Schools must cut fees for online-only classes: Supreme Court
A bench of Justices A M Khanwilkar and Dinesh Maheshwari said educational institutions should be responsive to the problems people are experiencing as a result of the pandemic and take measures to support students and their parents during this difficult period.
The Supreme Court said on Monday that educational institutions must reduce fees since their operating costs have fallen as a result of the Covid-19 pandemic forcing the closing of schools and the transition to online classes.
A bench of Justices A M Khanwilkar and Dinesh Maheshwari said educational institutions should be responsive to the problems people are experiencing as a result of the pandemic and take measures to support students and their parents during this difficult period. It stated that demanding payment for services not given to students amounted to profiteering, which schools must prevent.
“Under the law, the school administration cannot be held liable for collecting fees for events and services that are not provided to or used by its students due to circumstances beyond their control. Demanding payments for such operations, including for overheads, would be nothing short of profiteering and commercialization. It is common knowledge, and judicial care should be taken, that during the academic year 2020-21, schools were not able to open for a significant amount of time due to full lockdown. As a result, the school administration would have saved overheads and ongoing costs on things like gasoline/diesel, fuel, maintenance costs, water charges, stationery charges, and so on,” the bench said.
The bench held that there is no law mandating the state government to pass such an order, but decided that the schools had to reduce the fees while adjudicating a batch of pleas from private unaided schools in Rajasthan against the state government's directive to them to forego 30% of tuition fees during the pandemic.
As a result, the appellants are justified in challenging the director of secondary education's order and must prevail. That does not, however, grant the appellants licence to be rigid and insensitive in the aftermath of the pandemic.
The school administration, which is ostensibly engaged in a charitable practise of imparting education, is required to be attentive and aware of the situation, and to take appropriate remedial steps to alleviate the hardships experienced by students and their parents.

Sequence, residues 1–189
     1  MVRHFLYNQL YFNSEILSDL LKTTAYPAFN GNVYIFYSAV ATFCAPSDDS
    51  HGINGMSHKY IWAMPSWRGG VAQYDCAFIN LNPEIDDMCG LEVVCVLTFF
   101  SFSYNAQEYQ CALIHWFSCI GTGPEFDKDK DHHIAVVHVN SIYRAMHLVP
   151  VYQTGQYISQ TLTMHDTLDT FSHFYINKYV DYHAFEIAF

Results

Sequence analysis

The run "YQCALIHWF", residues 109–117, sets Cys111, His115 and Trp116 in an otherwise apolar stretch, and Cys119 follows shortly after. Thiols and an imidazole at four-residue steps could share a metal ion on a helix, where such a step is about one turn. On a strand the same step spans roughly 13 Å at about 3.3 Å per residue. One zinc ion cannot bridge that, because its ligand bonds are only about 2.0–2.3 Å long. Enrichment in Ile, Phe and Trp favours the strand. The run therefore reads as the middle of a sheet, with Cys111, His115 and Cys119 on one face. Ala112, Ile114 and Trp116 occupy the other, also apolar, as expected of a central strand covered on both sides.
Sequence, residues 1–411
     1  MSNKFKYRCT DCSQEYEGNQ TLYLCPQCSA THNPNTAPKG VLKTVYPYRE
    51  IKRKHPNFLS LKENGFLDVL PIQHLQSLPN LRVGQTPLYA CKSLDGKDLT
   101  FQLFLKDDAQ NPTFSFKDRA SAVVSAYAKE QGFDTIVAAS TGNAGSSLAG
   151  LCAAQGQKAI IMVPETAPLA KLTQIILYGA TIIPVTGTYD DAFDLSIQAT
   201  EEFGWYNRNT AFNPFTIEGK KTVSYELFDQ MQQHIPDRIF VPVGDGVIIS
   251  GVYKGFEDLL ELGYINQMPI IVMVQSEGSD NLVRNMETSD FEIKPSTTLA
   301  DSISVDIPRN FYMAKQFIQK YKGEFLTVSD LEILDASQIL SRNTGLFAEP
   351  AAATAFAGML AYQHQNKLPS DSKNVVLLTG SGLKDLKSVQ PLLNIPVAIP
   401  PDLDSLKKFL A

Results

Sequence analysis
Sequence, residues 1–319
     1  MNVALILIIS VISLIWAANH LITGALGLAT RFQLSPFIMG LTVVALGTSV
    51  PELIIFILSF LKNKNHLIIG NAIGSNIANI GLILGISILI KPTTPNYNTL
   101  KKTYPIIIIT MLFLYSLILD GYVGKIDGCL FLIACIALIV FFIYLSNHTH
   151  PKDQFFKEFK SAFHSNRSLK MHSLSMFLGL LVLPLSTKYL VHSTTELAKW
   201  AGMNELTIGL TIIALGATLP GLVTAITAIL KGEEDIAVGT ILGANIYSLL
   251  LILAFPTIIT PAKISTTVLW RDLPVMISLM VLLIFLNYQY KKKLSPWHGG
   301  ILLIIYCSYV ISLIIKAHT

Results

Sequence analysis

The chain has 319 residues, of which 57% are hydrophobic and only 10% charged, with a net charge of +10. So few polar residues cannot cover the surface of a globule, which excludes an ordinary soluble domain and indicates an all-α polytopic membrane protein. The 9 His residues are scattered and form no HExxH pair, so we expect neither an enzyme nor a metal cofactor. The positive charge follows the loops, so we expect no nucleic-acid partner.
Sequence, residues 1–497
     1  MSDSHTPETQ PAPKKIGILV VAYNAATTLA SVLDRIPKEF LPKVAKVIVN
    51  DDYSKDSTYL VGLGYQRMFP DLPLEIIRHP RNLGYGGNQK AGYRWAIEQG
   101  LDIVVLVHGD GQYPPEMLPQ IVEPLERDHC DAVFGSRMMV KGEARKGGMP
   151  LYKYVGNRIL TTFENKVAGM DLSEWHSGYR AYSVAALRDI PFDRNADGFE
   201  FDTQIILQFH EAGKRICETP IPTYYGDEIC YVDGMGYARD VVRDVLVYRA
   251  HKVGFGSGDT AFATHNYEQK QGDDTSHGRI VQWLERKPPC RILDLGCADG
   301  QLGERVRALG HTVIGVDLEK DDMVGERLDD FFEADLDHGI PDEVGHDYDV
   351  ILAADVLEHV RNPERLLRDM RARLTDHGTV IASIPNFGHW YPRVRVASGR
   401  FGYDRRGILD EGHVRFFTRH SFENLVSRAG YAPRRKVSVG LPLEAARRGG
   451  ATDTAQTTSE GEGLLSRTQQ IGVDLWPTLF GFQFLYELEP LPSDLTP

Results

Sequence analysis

To put the adage “live and let live,” the bench said it is up to the school administration to reschedule school fee payments in such a way that no single student is left out or refused the opportunity to continue his or her education. The parents, who are seeking a fee reduction, told the court that during the online classes, the schools saved a significant amount of money on power, water, stationery, and other miscellaneous charges that are needed for the physical operation of the school.
“Indeed, overheads and running costs so saved would be nothing, but a sum undeservedly gained by the school without providing such facilities to the students during the relevant time... the theory of quid pro quo must come into play,” the bench agreed with the parents.
Even so, neither side has provided reliable (factual) empirical evidence on the degree to which such savings have been or might have been achieved, or the benefits gained by the school administration. We would say that the school administration(s) saved about 15% of the annual school fees without focusing on mathematical exactitude."
The bench said the fees should have been refixed by the regulatory body but instead opted to pass an order for a minimum 15% reduction to end the dispute once and for all.
“The appellants (school management of private unaided schools) shall collect annual school fees from their students as set out in the Act of 2016 for the academic year 2019-20, but with a 15% deduction for unutilized facilities by students during the relevant duration of academic year 2020-21," it said.
The court also ordered that no student be barred from attending either online or physical classes due to non-payment of tuition, arrears, or unpaid fees.